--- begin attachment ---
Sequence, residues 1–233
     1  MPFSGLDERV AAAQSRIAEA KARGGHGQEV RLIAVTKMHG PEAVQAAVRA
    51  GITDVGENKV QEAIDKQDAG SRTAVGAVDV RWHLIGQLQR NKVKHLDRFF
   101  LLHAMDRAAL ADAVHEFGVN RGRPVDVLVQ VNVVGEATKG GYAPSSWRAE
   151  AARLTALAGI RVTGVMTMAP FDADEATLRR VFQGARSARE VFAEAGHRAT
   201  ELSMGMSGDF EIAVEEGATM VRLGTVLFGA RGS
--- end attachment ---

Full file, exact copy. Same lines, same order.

Sequence, residues 1–233
     1  MPFSGLDERV AAAQSRIAEA KARGGHGQEV RLIAVTKMHG PEAVQAAVRA
    51  GITDVGENKV QEAIDKQDAG SRTAVGAVDV RWHLIGQLQR NKVKHLDRFF
   101  LLHAMDRAAL ADAVHEFGVN RGRPVDVLVQ VNVVGEATKG GYAPSSWRAE
   151  AARLTALAGI RVTGVMTMAP FDADEATLRR VFQGARSARE VFAEAGHRAT
   201  ELSMGMSGDF EIAVEEGATM VRLGTVLFGA RGS